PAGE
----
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, 12 (7), e0181640

Misinformation Lingers in Memory: Failure of Three Pro-Vaccination Strategies


Misinformation Lingers in Memory: Failure of Three Pro-Vaccination Strategies

Sara Pluviano et al. PLoS One.


People's inability to update their memories in light of corrective information may have important public health consequences, as in the case of vaccination choice. In the present study, we compare three potentially effective strategies in vaccine promotion: one contrasting myths vs. facts, one employing fact and icon boxes, and one showing images of non-vaccinated sick children. Beliefs in the autism/vaccines link and in vaccines side effects, along with intention to vaccinate a future child, were evaluated both immediately after the correction intervention and after a 7-day delay to reveal possible backfire effects. Results show that existing strategies to correct vaccine misinformation are ineffective and often backfire, resulting in the unintended opposite effect, reinforcing ill-founded beliefs about vaccination and reducing intentions to vaccinate. The implications for research on vaccines misinformation and recommendations for progress are discussed.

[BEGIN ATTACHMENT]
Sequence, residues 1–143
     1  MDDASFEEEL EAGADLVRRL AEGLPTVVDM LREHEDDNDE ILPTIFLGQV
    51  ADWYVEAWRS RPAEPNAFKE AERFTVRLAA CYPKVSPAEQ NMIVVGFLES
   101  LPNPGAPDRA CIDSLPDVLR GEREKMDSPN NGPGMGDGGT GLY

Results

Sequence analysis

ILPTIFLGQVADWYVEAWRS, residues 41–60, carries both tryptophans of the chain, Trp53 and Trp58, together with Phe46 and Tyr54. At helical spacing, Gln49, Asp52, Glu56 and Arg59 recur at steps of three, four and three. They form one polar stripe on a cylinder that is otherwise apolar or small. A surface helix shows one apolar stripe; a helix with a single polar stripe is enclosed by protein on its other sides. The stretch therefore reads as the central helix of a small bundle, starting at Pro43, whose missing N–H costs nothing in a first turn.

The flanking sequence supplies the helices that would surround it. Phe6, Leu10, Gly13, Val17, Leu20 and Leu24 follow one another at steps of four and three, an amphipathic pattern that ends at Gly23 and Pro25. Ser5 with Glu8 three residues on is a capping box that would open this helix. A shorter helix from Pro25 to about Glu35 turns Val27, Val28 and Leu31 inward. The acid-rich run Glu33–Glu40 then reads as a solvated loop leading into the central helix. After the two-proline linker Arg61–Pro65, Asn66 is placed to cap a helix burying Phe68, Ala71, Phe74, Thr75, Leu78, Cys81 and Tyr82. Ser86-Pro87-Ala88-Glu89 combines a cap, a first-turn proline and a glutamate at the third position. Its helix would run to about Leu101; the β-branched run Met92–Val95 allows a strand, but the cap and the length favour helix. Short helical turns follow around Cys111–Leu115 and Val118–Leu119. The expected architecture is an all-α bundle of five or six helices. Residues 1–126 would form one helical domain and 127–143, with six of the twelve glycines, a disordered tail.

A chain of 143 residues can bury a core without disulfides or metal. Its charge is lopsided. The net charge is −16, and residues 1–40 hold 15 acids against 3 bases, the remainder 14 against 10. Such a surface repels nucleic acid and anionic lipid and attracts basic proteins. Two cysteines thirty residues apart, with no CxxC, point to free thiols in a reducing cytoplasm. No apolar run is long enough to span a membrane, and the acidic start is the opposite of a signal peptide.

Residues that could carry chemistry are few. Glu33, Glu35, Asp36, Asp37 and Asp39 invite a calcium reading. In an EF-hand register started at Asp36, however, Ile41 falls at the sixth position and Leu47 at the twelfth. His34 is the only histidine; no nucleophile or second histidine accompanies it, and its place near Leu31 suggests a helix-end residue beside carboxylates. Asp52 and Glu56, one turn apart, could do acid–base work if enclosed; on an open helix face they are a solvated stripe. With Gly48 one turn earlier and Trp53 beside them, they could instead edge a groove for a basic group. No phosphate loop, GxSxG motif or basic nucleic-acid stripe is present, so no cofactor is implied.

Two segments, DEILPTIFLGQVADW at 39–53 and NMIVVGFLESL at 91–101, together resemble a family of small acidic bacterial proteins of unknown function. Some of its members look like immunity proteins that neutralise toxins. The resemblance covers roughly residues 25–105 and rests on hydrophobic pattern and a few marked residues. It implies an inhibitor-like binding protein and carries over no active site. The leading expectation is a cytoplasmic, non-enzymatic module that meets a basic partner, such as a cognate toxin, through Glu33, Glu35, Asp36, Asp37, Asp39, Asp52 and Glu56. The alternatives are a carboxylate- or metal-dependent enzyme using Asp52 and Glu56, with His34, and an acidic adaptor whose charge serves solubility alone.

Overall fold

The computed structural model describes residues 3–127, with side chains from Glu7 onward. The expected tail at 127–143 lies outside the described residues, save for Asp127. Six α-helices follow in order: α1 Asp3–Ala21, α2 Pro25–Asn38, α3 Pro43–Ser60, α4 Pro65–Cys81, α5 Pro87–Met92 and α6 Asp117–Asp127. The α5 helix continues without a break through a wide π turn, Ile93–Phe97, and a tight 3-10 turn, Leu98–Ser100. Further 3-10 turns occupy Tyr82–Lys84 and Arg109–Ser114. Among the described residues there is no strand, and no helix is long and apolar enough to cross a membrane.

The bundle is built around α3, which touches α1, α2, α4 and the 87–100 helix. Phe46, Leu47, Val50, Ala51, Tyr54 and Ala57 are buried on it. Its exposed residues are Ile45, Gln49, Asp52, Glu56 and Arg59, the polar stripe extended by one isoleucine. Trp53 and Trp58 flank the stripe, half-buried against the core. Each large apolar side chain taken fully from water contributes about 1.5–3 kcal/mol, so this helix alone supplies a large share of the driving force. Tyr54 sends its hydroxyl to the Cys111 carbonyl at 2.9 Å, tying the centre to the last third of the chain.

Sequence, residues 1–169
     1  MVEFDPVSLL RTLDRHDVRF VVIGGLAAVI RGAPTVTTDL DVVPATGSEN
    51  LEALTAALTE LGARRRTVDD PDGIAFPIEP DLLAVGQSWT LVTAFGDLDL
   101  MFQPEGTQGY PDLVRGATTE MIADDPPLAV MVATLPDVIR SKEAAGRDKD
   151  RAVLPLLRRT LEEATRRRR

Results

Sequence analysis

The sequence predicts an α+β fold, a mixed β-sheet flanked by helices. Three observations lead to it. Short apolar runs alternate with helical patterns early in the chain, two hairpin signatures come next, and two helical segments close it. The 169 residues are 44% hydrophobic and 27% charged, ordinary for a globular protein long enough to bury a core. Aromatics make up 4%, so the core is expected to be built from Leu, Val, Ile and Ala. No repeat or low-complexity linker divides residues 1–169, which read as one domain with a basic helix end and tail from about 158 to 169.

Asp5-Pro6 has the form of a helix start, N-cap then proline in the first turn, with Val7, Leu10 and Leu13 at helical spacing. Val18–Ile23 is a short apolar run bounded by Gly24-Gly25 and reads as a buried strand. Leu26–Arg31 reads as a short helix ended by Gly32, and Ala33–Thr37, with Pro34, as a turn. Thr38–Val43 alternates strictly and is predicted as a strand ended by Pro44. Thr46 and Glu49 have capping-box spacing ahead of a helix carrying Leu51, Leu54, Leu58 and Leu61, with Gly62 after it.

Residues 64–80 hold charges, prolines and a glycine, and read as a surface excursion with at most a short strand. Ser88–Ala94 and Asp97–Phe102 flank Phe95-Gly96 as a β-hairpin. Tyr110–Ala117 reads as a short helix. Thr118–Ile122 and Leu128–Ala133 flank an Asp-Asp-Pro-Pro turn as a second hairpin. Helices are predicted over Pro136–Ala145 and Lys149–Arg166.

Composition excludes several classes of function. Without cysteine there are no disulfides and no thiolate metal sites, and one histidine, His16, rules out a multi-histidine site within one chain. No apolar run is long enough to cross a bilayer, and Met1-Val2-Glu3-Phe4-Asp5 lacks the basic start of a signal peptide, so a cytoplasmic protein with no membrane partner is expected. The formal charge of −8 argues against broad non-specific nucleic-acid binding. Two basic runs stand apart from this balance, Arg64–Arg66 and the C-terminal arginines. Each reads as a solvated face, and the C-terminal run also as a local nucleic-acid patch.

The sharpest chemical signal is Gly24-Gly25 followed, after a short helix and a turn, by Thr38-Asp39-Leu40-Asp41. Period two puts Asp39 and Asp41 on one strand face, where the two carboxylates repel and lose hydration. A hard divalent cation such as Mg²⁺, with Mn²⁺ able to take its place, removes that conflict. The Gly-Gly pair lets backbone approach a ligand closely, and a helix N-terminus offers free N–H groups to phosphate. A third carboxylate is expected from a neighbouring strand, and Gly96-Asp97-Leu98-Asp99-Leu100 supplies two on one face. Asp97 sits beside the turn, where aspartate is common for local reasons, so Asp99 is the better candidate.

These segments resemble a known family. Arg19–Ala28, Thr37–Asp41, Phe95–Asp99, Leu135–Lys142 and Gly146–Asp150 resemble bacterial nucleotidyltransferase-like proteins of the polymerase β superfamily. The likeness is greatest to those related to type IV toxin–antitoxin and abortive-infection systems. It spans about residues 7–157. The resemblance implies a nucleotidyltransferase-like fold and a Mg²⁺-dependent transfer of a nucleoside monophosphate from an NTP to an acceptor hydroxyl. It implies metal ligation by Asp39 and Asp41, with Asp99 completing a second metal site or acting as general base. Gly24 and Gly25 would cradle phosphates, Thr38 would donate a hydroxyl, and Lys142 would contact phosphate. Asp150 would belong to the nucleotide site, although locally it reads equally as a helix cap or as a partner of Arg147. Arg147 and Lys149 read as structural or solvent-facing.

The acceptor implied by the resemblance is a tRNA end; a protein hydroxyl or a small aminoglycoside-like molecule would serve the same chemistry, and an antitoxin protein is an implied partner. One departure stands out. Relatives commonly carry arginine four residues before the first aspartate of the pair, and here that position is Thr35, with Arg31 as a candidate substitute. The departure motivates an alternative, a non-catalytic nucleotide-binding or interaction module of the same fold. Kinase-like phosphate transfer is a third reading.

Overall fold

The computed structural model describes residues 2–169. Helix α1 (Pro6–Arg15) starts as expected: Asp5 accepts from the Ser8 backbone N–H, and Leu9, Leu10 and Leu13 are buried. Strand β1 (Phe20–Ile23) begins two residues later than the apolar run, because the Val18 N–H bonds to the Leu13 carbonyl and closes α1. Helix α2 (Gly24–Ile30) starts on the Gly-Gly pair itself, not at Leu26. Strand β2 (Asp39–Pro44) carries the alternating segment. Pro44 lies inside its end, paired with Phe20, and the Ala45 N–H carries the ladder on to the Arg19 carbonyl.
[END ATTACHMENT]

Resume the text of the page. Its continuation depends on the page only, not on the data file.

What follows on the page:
Conflict of interest statement

Competing Interests: The authors have declared that no competing interests exist.


Fig 1
Fig 1. Example of message for the Myths vs. Facts Correction.
Fig 2
Fig 2. Example of message for the Visual Correction.
This message compared the potential problems caused by measles with the potential problems caused by the MMR vaccine. Common and usually mild symptoms that can be treated at home are represented in green, moderate complications that need medical attention but may not include hospitalisation are portrayed in yellow, and serious complications that need urgent medical attention and could include hospitalisation are marked in red.
Fig 3
Fig 3. Example of message for the Fear Correction.
This message was accompanied by a picture of a child with swelling at the side of the face under the ears.
Fig 4
Fig 4. Overview of the different phases of the study.
Fig 5
Fig 5
Mean scores of the 3 key outcomes evaluated: Vaccines Cause Autism (A), Vaccines Side Effects (B), and Vaccine Hesitancy (C) by condition and time (after a week). Outcomes means at Time 1 are represented by blue bars, while outcome means at Time 2 by green bars. Error Bars: 95% CI.
Fig 6
Fig 6
Change scores for the 3 key outcomes evaluated: Vaccine Cause Autism Change Score (A), Vaccines Side Effects Change Score (B), and Vaccine Hesitancy Change Score (C) across conditions. Error Bars: 95% CI.

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